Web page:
“Where are you going, if you don’t mind my asking,” Warlock asked, tilting his head in a youthful way.

“Ah, no it’s alright. I’m heading over to South Downs. I apologize, but I don’t believe I introduced myself. Adam Young,” Adam offered his hand in greeting.

“I’m taking the line down that way too. Warlock Dowling,” he gave a pleasant smile and shook Adam’s hand as he’d been taught by his father.

It was over the next few hours Warlock started to learn more about his new companion in the train car as they chatted. Adam was an environmental scientist, happily married with three kids of his own, he proudly mentioned that none of them had any hooves, and he was visiting two of his old friends. Then he brandished a small, wallet sized picture to Warlock.

Warlock had to stop his mouth from falling open in surprise when he saw the photo. There was no mistaking who the two men in the picture were. It was them. Nanny Ashtoreth and Brother Francis. Adam seemed oblivious to his shock as he was still talking as he tucked the photo back into his wallet.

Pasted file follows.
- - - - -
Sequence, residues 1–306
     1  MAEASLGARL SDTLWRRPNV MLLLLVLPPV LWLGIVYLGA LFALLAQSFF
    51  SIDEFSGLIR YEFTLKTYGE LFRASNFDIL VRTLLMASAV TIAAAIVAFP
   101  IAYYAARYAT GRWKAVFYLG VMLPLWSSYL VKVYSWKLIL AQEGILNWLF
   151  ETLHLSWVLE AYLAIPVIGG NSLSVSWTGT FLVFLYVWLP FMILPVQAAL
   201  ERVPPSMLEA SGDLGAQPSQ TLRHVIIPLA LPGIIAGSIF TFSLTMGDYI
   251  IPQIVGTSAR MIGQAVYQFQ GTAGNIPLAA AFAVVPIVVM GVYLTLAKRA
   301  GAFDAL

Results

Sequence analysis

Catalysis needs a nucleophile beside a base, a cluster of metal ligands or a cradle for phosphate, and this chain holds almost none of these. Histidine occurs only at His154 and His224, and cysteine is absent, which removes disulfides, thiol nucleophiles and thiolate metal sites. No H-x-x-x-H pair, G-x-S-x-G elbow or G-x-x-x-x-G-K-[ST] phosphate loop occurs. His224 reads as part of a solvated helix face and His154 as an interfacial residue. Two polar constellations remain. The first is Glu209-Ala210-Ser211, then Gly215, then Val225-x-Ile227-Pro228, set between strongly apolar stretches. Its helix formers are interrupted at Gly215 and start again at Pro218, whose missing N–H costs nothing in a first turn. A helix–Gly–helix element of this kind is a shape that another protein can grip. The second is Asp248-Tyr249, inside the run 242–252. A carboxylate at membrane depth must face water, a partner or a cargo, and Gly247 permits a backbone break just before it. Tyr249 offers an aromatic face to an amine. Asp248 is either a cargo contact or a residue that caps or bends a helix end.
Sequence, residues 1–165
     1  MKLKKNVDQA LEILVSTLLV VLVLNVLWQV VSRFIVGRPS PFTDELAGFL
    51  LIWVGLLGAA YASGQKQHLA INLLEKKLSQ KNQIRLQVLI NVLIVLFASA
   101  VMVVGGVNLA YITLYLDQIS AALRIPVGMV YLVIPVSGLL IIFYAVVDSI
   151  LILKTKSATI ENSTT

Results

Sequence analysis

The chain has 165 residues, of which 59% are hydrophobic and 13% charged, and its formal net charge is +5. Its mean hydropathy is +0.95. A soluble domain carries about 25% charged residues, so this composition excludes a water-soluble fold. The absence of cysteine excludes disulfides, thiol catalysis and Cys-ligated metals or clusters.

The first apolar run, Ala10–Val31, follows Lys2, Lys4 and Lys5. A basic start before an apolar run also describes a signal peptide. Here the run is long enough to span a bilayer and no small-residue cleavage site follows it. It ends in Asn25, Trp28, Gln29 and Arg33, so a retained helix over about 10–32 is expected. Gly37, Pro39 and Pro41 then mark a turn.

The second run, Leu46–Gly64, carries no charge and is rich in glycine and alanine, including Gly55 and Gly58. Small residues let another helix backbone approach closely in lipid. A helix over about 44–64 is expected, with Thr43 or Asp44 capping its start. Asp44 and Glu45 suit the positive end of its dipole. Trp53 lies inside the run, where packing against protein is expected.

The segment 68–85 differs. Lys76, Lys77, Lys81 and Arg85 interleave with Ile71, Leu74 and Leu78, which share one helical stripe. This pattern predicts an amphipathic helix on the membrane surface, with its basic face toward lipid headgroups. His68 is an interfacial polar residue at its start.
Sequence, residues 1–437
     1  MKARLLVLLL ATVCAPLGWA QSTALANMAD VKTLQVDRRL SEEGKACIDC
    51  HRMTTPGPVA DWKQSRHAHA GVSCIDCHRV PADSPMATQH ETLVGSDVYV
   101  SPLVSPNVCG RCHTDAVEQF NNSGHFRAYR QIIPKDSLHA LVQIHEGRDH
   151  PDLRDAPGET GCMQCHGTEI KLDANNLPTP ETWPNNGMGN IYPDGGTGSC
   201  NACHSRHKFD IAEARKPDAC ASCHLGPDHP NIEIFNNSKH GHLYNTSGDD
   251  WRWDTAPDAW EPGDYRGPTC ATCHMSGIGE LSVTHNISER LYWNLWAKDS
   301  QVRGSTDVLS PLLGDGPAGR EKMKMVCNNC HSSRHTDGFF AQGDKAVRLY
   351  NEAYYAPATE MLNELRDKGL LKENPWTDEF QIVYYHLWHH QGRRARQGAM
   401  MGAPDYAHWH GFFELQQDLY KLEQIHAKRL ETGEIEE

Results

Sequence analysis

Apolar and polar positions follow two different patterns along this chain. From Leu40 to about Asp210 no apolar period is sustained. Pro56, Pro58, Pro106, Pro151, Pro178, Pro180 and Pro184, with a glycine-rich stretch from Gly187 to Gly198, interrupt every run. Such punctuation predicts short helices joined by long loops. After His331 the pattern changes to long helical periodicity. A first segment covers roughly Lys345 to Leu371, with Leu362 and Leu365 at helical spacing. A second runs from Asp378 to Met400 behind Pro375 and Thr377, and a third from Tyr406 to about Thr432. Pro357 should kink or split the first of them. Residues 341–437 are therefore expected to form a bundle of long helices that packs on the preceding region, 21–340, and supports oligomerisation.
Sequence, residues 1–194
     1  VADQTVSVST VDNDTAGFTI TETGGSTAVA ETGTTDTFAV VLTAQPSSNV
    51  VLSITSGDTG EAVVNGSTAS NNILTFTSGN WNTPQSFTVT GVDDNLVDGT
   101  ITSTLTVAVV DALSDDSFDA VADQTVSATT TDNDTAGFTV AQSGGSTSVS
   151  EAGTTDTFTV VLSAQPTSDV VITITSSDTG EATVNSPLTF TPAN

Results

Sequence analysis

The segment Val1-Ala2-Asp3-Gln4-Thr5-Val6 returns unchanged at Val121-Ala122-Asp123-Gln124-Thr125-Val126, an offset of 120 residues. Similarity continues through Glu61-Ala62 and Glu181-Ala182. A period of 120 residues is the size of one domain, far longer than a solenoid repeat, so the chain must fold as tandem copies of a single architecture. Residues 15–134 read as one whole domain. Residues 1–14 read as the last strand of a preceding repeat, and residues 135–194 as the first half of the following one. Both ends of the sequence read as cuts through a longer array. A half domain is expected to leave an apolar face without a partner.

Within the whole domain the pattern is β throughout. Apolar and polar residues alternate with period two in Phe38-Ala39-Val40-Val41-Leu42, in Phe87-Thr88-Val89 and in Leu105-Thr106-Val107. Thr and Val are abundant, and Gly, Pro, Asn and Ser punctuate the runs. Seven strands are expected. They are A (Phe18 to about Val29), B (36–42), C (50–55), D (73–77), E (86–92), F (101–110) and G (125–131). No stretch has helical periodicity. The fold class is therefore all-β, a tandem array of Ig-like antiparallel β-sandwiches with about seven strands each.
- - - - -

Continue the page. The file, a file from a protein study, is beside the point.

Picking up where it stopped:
“I know those two,” Warlock said before he could stop himself. Adam looked shocked.

“What do you mean?” Adam asked, disbelief in his tone.

“They practically raised me when I was a child. The red haired one was my nanny. And the other was my gardener,” Warlock said, far too shocked to even consider the fact he was exclaiming it.

“Wait… Dowling? I know that name. Crowley and Aziraphale mentioned you. They thought you were me.”

“What? Who’s Crowley and A-zi-ra-fell?” This just kept getting stranger and stranger. Warlock felt like he was diving headfirst into the rabbit hole. “And what do you mean they thought I was you?”